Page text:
Growers try protected ag, new packaging techniques - The Packer

Growers try protected ag, new packaging techniques

05/09/2014 11:13:00 AM
Melissa Shipman

Most berries are grown in open fields, but growers are experimenting with protected agriculture.

“Like we see with other commodities, protected environments yield high quality and pristine looking fruit,” said Nolan Quinn, berry category director for The Oppenheimer Group, Vancouver, British Columbia.

Quinn also said that time will tell if these experiments eventually become standard procedures.

“Some growers are trialing berries in greenhouses. It will be interesting to see if the return on investment makes it worthwhile,” he said.

Matt Curry, president of Curry & Co., Brooks, Ore., agreed that the trend is gaining ground, although it’s still a small percentage.

“The majority of berries are grown in open fields, although protected agriculture is a growing trend for berries,” he said.

“The reasons for this growth is food safety concerns and regulations, of course, and also the ability to help protect crops from weather events such as rain.”

However, these benefits come at a cost, according to Chloe Varennes, marketing manager for Gourmet Trading Co., Redondo Beach, Calif.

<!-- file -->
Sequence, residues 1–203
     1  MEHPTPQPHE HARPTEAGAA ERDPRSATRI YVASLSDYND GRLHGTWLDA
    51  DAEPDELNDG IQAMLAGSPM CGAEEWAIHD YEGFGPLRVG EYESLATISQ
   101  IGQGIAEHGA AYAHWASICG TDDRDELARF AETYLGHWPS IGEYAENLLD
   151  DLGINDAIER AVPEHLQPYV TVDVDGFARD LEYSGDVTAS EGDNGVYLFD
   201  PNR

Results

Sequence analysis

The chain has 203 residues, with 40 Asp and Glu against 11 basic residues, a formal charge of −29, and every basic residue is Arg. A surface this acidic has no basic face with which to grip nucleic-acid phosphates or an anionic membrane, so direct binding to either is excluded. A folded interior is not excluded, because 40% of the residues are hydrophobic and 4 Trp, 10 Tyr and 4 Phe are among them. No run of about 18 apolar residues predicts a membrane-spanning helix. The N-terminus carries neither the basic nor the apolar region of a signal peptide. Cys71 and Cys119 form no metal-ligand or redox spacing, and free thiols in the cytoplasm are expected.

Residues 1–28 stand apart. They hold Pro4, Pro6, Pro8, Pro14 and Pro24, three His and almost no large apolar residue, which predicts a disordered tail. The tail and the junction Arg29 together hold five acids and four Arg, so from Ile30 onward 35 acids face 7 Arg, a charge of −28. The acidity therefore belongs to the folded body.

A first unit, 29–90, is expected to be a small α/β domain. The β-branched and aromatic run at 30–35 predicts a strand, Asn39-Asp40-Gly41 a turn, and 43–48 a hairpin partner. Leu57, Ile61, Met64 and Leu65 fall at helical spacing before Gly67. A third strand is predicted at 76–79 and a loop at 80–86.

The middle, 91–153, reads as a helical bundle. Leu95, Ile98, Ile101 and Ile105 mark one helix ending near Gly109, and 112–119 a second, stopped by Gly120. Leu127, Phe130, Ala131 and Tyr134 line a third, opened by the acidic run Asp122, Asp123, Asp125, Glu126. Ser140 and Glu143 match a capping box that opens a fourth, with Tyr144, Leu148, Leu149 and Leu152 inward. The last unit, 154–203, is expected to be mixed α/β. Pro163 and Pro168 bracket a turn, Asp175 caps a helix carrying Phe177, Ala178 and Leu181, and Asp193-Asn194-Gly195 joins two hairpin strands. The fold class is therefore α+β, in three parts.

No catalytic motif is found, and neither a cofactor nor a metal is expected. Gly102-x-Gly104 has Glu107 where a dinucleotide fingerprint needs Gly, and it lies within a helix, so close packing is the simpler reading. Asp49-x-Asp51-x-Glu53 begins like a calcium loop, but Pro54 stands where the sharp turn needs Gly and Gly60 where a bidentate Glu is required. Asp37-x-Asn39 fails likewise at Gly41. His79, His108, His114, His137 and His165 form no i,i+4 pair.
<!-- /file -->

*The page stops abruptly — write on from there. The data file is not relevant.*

“Protected environments provide advantages in terms of early maturing and weather protection. However, it is quite expensive for most growers,” Varennes said.

Quinn said there are also changes with regard to growing locations.

“There’s a lot of excitement about new growing areas for blueberries, chiefly Mexico and Peru,” Quinn said.

In addition, Quinn said varieties are constantly being refined and improved.

Packaging

According to Eric Crawford, president of Fresh Results LLC, Sunrise, Fla., shippers also are experimenting with shipping and packaging options for imported blueberries.

“Growers and shippers are experimenting with exporting fruit in a bulk pack, instead of directly in the clamshells,” he said.

As the market fluctuates, retailers prefer to keep a steady price per unit on their shelves, choosing to alter pack sizes instead of raising and lowering the price. Unfortunately with imported berries, shippers have to estimate what size packs will be needed before seeing what the market will do, which can result in the wrong size to match the market.

“If we’re predetermining what the market will do, the fruit can come in large containers when the market needs smaller packs, or vice versa,” Crawford said.

By shipping the berries in a bulk container, the fruit can be packed into the appropriate size clamshell once it reaches the U.S., allowing shippers to have a better estimate of what size retailers will want to use on their shelves.

“If we bring it into the country in bulk packs and then pack in whatever size the market demands, it gives customers a lot better opportunities,” Crawford said.



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